Maternal Mortality through a Health Literacy Lens
Tuesday, August 20, 2019, 9:45 am - 11:15 am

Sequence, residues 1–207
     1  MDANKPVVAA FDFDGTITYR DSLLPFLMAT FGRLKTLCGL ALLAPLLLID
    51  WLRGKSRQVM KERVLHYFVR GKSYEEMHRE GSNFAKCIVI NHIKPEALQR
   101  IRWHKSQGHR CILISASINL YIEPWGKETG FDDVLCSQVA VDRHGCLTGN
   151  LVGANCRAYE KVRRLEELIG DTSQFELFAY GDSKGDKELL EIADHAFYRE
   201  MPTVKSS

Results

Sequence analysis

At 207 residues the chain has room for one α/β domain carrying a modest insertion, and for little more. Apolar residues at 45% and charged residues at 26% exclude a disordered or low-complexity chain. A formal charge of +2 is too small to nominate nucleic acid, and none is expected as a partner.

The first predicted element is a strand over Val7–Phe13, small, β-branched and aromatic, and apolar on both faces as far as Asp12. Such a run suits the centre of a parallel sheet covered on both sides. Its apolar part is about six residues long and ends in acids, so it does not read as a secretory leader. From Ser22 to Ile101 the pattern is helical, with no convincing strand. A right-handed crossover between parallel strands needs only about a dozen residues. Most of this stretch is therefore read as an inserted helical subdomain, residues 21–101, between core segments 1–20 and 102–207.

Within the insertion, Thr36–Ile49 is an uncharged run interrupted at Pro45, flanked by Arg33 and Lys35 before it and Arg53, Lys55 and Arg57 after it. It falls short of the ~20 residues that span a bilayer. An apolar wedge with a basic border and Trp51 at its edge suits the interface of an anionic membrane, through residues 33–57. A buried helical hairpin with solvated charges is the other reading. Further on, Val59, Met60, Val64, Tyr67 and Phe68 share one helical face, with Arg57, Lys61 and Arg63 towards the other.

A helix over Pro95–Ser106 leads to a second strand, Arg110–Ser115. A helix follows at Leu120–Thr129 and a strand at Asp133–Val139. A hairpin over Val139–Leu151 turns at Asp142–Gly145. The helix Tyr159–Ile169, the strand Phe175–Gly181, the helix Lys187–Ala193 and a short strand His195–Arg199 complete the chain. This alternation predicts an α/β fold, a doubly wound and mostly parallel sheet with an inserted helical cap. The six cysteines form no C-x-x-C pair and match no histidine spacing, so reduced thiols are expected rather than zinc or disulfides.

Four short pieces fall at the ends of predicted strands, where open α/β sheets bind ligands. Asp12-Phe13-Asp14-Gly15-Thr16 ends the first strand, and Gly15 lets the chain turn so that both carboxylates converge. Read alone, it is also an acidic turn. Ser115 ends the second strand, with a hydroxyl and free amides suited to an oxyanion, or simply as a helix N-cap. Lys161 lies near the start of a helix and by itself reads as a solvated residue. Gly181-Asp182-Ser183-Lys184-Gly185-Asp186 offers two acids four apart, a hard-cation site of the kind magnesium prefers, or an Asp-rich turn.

Few studies have looked at the effect of health literacy (ability of people to understand and use health information) on maternal morbidity and mortality. A woman's ability to use discharge information may depend on the large volume given, culture, degree of sleep deprivation, physical and emotional changes, possible side effects of medicine and low health literacy. Instructions may be too complex and lack cultural sensitivity. This project was based on a two-phase study focusing on the health literacy of postpartum education. In the first phase of the study, current postnatal education materials distributed to moms after birth tested poorly on common health literacy measures including readability, understandability and cultural sensitivity of information given to moms after birth. The second phase examined the perspective of new moms receiving postnatal education on ability to access, understand, appraise and apply postnatal care instructions. Overall, improvements have been made in education delivery. However, gaps were identified in consistency and comprehensiveness of the information. To fill these gaps, health literate postnatal materials and an App were developed incorporating the feedback of the moms to increase health literacy and cultural sensitivity of postnatal education thus, assist new mothers in identifying postpartum warning signs, take appropriate action and help reduce maternal morbidity and death. The materials were tested with Community Health Workers, Master of Public Health Maternal Child students and Bachelor of Science Students in Nursing as well as postpartum nurses as proxies for postpartum women and honed down to the final iterations. Moms attended a final focus group to review and approve the tools at the end of the project. This app can be found via a QR code, as well as at http://whataboutmom.herokuapp.com and is in English and Spanish. The conclusion of this research can be a stepping stone to guide other research endeavors to improve postnatal education. Additional research could assess the changes of health outcomes following distribution of these health literate tools to postpartum women. Funding through The Texas Center for Health Disparities by the National Institute on Minority Health And Health Disparities of the National Institutes of Health(NIH) under Award Number U54MD006882.